"Come play in our league, though. I was telling the guys at the end of the first game, ‘I challenge anybody to play me four, CC four, U-of-D four, DeLaSalle four, Divine Child four and St. Mary’s four. We play 20 league games. No, they want to play all the non-league games, too. Come play 20, and see. I’m a big — I love playing our guys, because it prepares you — I love playing the non-league stuff, too, but I love playing our guys, too, because it prepares you. You’re going to battle,” Riker said. “For this year, I can’t remember the last time U-of-D has been in first place after the turn. And everybody’s kind of scraping, trying to finish in the top four to get to the playoffs at Comerica because that’s what it’s all about.”
Having lost to the Shamrocks both times in Novi, it was big for the Warriors to get out to a quick lead. They were helped in that effort by walks to the first four batters, and six first-inning walks in total.
The Shamrocks chipped away at the 4-0 deficit with a two-run double by Connor Donlin in the top of the fourth, but Brother Rice re-established the four-run margin with two runs in the fifth, on a sacrifice fly by John Locker and an RBI single by Will Shannon.
Adam Falinski started the seventh-inning rally for the Shamrocks with a solo homer, then another run scored on a sacrifice fly by Brendan Burke. Joe Hardenbergh made it a one-run game with an RBI single, then Donlin drew a bases-loaded walk to tie it 6-6.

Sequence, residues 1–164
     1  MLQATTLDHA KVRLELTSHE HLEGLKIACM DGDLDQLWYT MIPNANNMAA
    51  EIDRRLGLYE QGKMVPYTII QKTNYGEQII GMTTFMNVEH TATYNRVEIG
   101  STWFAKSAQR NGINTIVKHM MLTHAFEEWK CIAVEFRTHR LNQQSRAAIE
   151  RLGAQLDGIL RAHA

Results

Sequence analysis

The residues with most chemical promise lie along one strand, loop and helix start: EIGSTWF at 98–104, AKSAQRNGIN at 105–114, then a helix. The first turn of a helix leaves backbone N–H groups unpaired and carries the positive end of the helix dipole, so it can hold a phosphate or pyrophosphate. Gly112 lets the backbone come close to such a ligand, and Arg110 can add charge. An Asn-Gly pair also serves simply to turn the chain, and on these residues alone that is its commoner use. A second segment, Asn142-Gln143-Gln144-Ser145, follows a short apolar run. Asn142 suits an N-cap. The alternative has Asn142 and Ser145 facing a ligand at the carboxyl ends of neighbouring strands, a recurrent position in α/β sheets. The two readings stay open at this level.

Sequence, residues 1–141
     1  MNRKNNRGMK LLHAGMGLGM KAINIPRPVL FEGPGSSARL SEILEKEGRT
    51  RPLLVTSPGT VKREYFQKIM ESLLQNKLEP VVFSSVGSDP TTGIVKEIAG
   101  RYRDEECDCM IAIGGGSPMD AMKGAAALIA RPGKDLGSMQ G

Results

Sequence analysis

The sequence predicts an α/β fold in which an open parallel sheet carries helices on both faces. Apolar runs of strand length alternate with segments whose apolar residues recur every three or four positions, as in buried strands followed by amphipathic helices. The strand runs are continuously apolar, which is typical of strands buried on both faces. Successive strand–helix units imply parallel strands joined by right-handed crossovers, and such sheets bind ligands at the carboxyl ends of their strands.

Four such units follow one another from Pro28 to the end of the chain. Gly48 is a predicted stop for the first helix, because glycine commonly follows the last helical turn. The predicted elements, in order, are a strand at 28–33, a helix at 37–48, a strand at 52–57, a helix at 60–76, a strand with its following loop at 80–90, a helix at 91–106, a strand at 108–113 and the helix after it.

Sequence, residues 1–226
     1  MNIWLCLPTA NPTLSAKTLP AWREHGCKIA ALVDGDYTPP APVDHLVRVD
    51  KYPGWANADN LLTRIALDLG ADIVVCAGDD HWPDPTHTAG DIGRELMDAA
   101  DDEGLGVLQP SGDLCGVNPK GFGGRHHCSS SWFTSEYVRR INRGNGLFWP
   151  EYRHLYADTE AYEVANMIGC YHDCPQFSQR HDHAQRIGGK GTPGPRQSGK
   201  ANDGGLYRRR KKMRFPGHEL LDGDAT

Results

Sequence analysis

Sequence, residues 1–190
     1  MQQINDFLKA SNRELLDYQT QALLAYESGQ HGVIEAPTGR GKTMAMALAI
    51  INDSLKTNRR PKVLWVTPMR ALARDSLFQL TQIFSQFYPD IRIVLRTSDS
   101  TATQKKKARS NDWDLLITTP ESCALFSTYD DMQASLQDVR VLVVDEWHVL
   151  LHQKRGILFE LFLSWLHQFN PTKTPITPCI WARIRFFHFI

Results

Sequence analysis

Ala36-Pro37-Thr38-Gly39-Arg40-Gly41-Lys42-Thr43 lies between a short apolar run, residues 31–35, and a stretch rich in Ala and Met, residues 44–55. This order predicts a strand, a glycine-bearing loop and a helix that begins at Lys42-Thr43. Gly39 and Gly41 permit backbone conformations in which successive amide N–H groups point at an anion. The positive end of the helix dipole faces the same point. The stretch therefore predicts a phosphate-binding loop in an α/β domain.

It wouldn’t take long for Brother Rice to answer in the bottom half of the inning.
After Tito Flores led off with a double and went to third on a wild pitch, CC chose to load the bases to create a force out at any base, Sterling Hallmann’s walk pushed across the winning run, ending the game.
“Oh, gosh, you’re just trying to win a ball game, trying to take quality at-bats, take one pitch at a time. The philosophy for us is really simple: It starts with pitching. If you can walk fewer batters than they do, that’s an advantage. No. 2, if you can make fewer mistakes defensively — I mean, dropping the ball in left field, the two passed balls, huge; the other ball in left-center. We gave them some runs in the first game, as a close as it was, and we were fortunate to come back. And then if you can strike out less times. If you can do two of those four things more than the other team, you’re going to win 75 percent of your games. That’s what we kind of live on. And we’ve usually lived on pitching and defense. Our defense has been a little sketchy We started off the second game very poorly, though. They came out and hit four balls really hard. We walked a few guys, and that’s a bad recipe. But our guys came back, and that’s to their credit,” Riker said.